Collective action waivers in severance agreements enforceable. Former employees who entered into severance agreements in which they agreed not to join any collective actions against the employer asserting claims under the Age Discrimination in Employment Act (ADEA) failed to convince the Seventh Circuit that the district court erred in denying their bid for an injunction barring the employer from enforcing the collective action waivers contained in the agreements. The employees, who were 56 or 57 years old at the time they were terminated as part of a reduction in force, agreed to the collective action waiver in exchange for a lump-sum payment, 12 months of health and life insurance, career counseling, and reimbursement for job-related skills training. Relying on the U.S. Supreme Court’s decision in 14 Penn Plaza LLC v. Pyett, the Seventh Circuit agreed with the district court that Section 626(f)(1) of the ADEA applied to “substantive rights.” Because a collective action is a “procedural mechanism,” not a substantive right, a collective action waiver did not trigger any “right or claim” under the ADEA.
FCRA plaintiff did not suffer concrete harm. The U.S. Court of Appeals for the Eighth Circuit held that a job applicant lacked Article III standing to bring a purported class action against her prospective employer for alleged violations of the Fair Credit Reporting Act (FCRA). The plaintiff’s job offer was revoked based on the contents of a third-party background screening report. She sued, contending that she should have been given an opportunity to explain the information contained in the report, among other claims. In 2016, the parties reached a tentative settlement agreement but four days later, the U.S. Supreme Court issued Spokeo, Inc. v. Robins, which held that a FCRA plaintiff had to show more than a “bare procedural violation” of the FCRA in order to have standing to sue. The Court said the plaintiff had to show she suffered an “injury in fact.” The Spokeo decision prompted the defendant to move to dismiss for lack of standing. The district court approved the settlement without addressing standing, and the defendant filed an appeal. In an April 4, 2022, decision, the Eighth Circuit vacated the order approving the settlement and remanded for the district court to decide the standing issue. When the district court found the plaintiff had standing, the employer filed another appeal. The appeals court vacated the order, holding that the plaintiff did not establish concrete harm. It remanded with instructions to dismiss the suit for lack of standing. Subsequently, in a May 3, 2022, decision, the appeals court instructed the district court to return the case to state court.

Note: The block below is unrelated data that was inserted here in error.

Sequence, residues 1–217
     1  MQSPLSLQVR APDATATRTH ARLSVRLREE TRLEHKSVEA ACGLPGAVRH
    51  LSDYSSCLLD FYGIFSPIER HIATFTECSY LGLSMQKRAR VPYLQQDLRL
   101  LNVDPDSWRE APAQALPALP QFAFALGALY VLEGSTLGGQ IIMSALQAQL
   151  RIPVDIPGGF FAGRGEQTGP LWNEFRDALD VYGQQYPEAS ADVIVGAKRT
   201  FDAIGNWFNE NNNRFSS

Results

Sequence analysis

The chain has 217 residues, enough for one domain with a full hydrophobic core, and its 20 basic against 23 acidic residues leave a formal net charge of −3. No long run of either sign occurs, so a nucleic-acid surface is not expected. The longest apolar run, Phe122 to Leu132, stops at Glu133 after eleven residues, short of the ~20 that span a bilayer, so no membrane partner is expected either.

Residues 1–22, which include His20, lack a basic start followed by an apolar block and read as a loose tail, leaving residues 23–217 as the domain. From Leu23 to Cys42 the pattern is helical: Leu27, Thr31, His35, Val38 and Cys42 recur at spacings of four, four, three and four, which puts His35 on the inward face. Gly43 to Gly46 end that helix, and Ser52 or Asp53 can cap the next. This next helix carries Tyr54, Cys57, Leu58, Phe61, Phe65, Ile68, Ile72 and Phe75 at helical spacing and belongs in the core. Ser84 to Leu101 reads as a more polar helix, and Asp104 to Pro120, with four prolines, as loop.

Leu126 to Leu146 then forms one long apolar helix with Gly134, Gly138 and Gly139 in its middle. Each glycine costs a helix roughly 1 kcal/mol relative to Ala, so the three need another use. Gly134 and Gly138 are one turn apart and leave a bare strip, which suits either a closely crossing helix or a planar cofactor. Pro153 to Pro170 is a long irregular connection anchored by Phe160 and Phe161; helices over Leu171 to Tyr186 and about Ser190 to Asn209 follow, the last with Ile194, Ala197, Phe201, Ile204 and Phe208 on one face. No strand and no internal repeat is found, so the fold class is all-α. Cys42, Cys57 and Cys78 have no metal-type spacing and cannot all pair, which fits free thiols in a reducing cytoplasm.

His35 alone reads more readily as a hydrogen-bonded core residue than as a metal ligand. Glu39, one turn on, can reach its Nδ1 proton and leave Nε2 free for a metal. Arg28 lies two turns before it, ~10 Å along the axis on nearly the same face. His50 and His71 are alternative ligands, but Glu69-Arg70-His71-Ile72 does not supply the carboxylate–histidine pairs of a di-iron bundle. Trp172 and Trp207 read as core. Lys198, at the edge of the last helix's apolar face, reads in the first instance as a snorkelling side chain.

Objection to PAGA settlement dismissed, class settlement vacated. The Ninth Circuit provided mixed results for two truck drivers who objected to a class settlement agreement resolving various wage and hour claims and allegations brought pursuant to the California PAGA for violations of California Labor Code Sec. 2802, which requires indemnification of expenditures and losses. The settlement provided that the employer would pay $7.25 million for the class claims, $2.4 million for attorneys’ fees, and $500,000 for the PAGA claim. The appeals court held that one objector could not object to the PAGA portion of the settlement because he was not a party to the underlying PAGA action, and so dismissed his appeal. With regard to the second objector, the appeals court vacated the district court’s approval of the class action settlement agreement and remanded the class action for further proceedings because the lower court abused its discretion by applying an incorrect legal standard when evaluating the settlement.